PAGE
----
Many types of pressure equipment can be hazardous. These include steam boilers and associated pipework, pressurized hot-water boilers, air compressors, air receivers and associated pipework, autoclaves, gas storage tanks and chemical reaction vessels.
When things go wrong, these types of equipment can cause serious injuries and even fatalities. However, assessing the risks and putting proper precautions in place will minimize the chances of any accidents occurring.
Why is pressure equipment safety important?
If a piece of pressure equipment fails and bursts violently apart, the results can be devastating to people in its vicinity.
Parts of the equipment could also be propelled over great distances, causing injury and damage to people and buildings hundreds of metres away.
What should employers do?
Assess the risks
Employers need to assess the levels of risk when working with pressure equipment. The level of risk from the failure of pressure systems and equipment depends on a number of factors including:
- the pressure in the system;
- the type of liquid or gas and its properties;
- the suitability of the equipment and pipework that contains it;
- the age and condition of the equipment;
- the complexity and control of its operation;
- the prevailing conditions (e.g. a process carried out at high temperature);
- the skills, knowledge and experience of the people who maintain, test and operate the pressure equipment and systems.
To reduce the risks employers need to know (and act on) some basic precautions:
- Ensuring the system can be operated safely, for example without having to climb or struggle through gaps in pipework or structures.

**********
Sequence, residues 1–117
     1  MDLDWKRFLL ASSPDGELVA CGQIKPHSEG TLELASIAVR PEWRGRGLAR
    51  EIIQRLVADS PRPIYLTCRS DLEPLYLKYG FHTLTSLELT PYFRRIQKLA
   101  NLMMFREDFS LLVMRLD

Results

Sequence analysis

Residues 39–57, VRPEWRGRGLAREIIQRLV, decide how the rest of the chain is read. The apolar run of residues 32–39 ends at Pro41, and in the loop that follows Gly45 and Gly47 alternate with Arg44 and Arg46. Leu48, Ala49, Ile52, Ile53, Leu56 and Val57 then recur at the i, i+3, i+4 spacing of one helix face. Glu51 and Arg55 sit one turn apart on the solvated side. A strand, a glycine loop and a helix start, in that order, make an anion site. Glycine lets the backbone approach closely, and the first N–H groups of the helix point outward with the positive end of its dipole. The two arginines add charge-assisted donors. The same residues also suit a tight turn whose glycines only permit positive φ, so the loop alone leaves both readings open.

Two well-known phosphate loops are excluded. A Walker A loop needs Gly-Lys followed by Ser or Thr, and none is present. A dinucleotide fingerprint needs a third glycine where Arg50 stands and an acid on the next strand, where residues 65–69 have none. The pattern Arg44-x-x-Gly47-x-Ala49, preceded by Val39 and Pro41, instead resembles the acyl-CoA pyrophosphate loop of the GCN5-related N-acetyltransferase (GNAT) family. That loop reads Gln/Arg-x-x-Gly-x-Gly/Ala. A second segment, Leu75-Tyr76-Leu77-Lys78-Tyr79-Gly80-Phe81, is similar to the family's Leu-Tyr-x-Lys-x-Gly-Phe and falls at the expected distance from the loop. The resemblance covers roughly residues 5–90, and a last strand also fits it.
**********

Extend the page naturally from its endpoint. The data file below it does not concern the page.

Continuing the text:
- Being careful when repairing or modifying a pressure system. Following a major repair and/or modification, they may need to have the whole system re-examined before allowing the system to come back into use.
- Providing a set of operating instructions for all of the equipment in the system and for the control of the system as a whole, including in emergencies.
- Guaranteeing there is a maintenance programme for the system as a whole. It should take into account the system and equipment age, its uses and the environment in which it is being used.
Written scheme of examination
With regards to maintenance a written scheme of examination is extremely useful for pressure systems:
- This should be drawn up (or certified as suitable) by a competent person – someone who has the necessary skills, knowledge and experience to carry out the work safely.
- It should cover all protective devices, every pressure vessel and those parts of pipelines and pipework which, if they fail, could be dangerous.
- The written scheme should specify the nature and frequency of examinations, and include any special measures that may be needed to prepare a system for a safe examination.
- Legislation may require pressure systems to be examined by competent persons within predetermined timescales, these examinations should be in addition to regular and routine maintenance.
How can employers do it?
- First of all, they should consider whether the job can be done another way without using pressure equipment, for example using vacuum equipment for cleaning rather than compressed air. If they have to use pressure equipment, they should not use high-pressure equipment when low-pressure will do.
- Ensure that they buy pressure equipment that complies with the relevant product regulations.
- Before using pressure equipment, employers where possible should ensure that they have obtained a written scheme of examination. Also making sure that any inspections needed have been completed by a competent person, and that the results have been recorded.
- They should always operate the equipment within the safe operating limits. If these are not provided by the manufacturer or supplier, a competent person can advise them.
- They should provide instruction and relevant training for the workers who are going to operate the pressure equipment and also include what to do in an emergency.
- Employers should have an effective maintenance plan in place, which is carried out by appropriately trained people.
- Guaranteeing that any modifications are planned, recorded and do not lead to danger.